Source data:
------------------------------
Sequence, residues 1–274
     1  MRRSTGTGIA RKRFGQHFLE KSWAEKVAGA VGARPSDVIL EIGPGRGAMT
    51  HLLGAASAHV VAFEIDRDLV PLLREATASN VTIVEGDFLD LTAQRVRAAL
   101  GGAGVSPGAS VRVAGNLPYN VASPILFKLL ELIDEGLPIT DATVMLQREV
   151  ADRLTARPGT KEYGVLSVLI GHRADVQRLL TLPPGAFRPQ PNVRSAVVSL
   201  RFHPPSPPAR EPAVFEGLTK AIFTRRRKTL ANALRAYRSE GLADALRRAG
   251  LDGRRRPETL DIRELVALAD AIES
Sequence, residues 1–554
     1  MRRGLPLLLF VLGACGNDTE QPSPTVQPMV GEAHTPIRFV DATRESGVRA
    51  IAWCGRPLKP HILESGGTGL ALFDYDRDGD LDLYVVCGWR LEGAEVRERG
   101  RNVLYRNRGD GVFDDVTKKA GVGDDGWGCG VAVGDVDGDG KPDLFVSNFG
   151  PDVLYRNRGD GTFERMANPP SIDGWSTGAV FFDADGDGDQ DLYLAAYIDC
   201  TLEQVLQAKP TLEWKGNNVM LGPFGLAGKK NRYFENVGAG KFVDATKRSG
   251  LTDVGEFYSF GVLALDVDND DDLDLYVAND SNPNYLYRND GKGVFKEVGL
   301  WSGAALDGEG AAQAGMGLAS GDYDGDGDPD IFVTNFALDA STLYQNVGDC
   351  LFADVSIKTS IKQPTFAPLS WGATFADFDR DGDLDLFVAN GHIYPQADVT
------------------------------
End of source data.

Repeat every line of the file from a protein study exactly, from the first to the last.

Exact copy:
Sequence, residues 1–274
     1  MRRSTGTGIA RKRFGQHFLE KSWAEKVAGA VGARPSDVIL EIGPGRGAMT
    51  HLLGAASAHV VAFEIDRDLV PLLREATASN VTIVEGDFLD LTAQRVRAAL
   101  GGAGVSPGAS VRVAGNLPYN VASPILFKLL ELIDEGLPIT DATVMLQREV
   151  ADRLTARPGT KEYGVLSVLI GHRADVQRLL TLPPGAFRPQ PNVRSAVVSL
   201  RFHPPSPPAR EPAVFEGLTK AIFTRRRKTL ANALRAYRSE GLADALRRAG
   251  LDGRRRPETL DIRELVALAD AIES
Sequence, residues 1–554
     1  MRRGLPLLLF VLGACGNDTE QPSPTVQPMV GEAHTPIRFV DATRESGVRA
    51  IAWCGRPLKP HILESGGTGL ALFDYDRDGD LDLYVVCGWR LEGAEVRERG
   101  RNVLYRNRGD GVFDDVTKKA GVGDDGWGCG VAVGDVDGDG KPDLFVSNFG
   151  PDVLYRNRGD GTFERMANPP SIDGWSTGAV FFDADGDGDQ DLYLAAYIDC
   201  TLEQVLQAKP TLEWKGNNVM LGPFGLAGKK NRYFENVGAG KFVDATKRSG
   251  LTDVGEFYSF GVLALDVDND DDLDLYVAND SNPNYLYRND GKGVFKEVGL
   301  WSGAALDGEG AAQAGMGLAS GDYDGDGDPD IFVTNFALDA STLYQNVGDC
   351  LFADVSIKTS IKQPTFAPLS WGATFADFDR DGDLDLFVAN GHIYPQADVT